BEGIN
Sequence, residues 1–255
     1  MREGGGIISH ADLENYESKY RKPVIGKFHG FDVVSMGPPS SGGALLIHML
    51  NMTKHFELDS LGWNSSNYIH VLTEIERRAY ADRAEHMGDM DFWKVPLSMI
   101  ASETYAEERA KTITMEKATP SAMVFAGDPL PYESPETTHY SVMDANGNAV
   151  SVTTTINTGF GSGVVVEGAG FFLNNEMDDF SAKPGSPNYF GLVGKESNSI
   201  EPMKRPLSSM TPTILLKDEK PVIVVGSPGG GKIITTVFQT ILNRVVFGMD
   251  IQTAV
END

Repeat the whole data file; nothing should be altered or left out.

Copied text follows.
Sequence, residues 1–255
     1  MREGGGIISH ADLENYESKY RKPVIGKFHG FDVVSMGPPS SGGALLIHML
    51  NMTKHFELDS LGWNSSNYIH VLTEIERRAY ADRAEHMGDM DFWKVPLSMI
   101  ASETYAEERA KTITMEKATP SAMVFAGDPL PYESPETTHY SVMDANGNAV
   151  SVTTTINTGF GSGVVVEGAG FFLNNEMDDF SAKPGSPNYF GLVGKESNSI
   201  EPMKRPLSSM TPTILLKDEK PVIVVGSPGG GKIITTVFQT ILNRVVFGMD
   251  IQTAV